Western Osprey Pandion haliaetus
15 June 2014
Ospreys have made a remarkable recovery since the dark days of organochlorine pesticides, when thin-shelled eggs threatened the very survival of the species.In the area where I live there is a healthy population with several active nests not far from our house. Even though we see them every year, there is nevertheless always a sense of excitement when the first birds appear in the spring, and reclaim their former nest sites. I never tire of seeing them plunge dive to catch a fish; it is one of the great natural spectacles anyone can witness with relative ease.
This nest is at the Fountain Street bridge in Cambridge and has produced young for several years. We saw the male deliver a fish to the nest and we observed two young birds excitedly receiving it, even though only one can be seen in the picture below.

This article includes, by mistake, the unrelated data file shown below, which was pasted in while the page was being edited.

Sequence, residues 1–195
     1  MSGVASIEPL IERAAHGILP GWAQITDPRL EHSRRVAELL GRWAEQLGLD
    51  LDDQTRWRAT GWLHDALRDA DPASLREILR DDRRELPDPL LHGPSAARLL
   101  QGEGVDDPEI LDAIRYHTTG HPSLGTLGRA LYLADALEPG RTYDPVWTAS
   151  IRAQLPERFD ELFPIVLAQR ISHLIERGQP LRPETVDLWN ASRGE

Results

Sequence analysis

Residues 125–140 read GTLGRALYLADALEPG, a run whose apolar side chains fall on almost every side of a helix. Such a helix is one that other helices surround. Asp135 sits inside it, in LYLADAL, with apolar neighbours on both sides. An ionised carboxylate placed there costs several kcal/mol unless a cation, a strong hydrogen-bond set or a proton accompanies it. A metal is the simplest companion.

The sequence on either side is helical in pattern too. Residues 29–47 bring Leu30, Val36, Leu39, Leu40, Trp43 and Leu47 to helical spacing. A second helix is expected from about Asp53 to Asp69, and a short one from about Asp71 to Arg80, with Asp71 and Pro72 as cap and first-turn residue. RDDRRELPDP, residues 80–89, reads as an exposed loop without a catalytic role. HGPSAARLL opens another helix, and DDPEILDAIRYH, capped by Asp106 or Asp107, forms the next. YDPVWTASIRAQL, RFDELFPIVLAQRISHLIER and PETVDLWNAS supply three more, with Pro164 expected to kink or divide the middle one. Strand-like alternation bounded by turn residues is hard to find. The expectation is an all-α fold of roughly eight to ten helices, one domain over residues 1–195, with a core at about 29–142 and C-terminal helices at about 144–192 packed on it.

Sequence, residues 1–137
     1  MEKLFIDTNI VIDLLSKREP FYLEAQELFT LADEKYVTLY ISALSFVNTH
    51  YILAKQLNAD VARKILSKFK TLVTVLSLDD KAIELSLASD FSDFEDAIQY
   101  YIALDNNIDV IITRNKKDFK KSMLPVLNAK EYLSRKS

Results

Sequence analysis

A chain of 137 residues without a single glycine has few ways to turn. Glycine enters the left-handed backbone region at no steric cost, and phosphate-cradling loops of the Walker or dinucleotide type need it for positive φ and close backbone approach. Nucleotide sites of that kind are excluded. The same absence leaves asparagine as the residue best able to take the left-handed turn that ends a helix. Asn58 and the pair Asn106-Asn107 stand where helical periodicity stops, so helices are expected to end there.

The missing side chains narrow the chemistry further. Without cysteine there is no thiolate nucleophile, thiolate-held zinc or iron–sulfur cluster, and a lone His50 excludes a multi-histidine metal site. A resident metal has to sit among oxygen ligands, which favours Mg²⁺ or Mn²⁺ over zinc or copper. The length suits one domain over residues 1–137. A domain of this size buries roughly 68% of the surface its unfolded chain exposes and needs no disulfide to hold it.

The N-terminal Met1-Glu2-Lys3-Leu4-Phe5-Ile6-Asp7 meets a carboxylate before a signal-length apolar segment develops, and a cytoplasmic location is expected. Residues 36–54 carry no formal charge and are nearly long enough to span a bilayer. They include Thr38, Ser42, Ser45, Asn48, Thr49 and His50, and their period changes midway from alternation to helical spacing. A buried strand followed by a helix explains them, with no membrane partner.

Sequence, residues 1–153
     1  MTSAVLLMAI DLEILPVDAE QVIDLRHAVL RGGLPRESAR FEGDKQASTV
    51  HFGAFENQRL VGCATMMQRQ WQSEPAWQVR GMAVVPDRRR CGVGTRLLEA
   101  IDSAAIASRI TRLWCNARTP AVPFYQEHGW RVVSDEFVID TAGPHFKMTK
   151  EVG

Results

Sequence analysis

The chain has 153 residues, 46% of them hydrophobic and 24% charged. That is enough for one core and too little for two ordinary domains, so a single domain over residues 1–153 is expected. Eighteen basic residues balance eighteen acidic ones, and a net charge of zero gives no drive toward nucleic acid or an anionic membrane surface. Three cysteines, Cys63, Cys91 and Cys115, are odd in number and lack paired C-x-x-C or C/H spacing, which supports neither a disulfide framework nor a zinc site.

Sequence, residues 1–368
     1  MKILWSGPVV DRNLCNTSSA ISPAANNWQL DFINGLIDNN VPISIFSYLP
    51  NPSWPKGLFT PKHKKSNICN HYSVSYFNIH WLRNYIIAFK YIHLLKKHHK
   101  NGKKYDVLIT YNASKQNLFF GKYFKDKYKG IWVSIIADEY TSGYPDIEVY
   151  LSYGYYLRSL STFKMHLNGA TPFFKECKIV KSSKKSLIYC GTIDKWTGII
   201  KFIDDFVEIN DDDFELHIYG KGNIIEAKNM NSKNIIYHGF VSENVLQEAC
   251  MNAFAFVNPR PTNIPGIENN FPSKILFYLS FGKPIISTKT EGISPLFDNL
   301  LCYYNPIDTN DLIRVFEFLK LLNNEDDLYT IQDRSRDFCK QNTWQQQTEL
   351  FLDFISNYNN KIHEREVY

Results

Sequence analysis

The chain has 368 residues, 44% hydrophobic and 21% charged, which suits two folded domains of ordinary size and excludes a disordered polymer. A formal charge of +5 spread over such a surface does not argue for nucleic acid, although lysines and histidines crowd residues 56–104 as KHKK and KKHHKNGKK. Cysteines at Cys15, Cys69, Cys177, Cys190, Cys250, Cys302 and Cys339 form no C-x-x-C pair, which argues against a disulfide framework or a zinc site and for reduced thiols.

Another species that has been making a recovery along the various waterways in our area is the Bald Eagle Haliaeetus leucocephalus and the nest shown below was occupied for several weeks, but it has subsequently been abandoned. It is located no more than a couple of hundred metres from the Osprey nest and various aerial disputes were observed. Perhaps the eagles simply decided to move to a more secluded spot.
On the rare property in Cambridge, very close as an Osprey flies, another nest has been successful and even though one sees only the two adults in this picture, young birds are present.
As can be noted from the pictures, Ospreys take readily to man made platforms which serve as a fine base for a nest, and most of the nests around here are located on such structures. It's nice that we can help in the recovery of a species which our disregard for the environmental consequences of pesticides almost destroyed.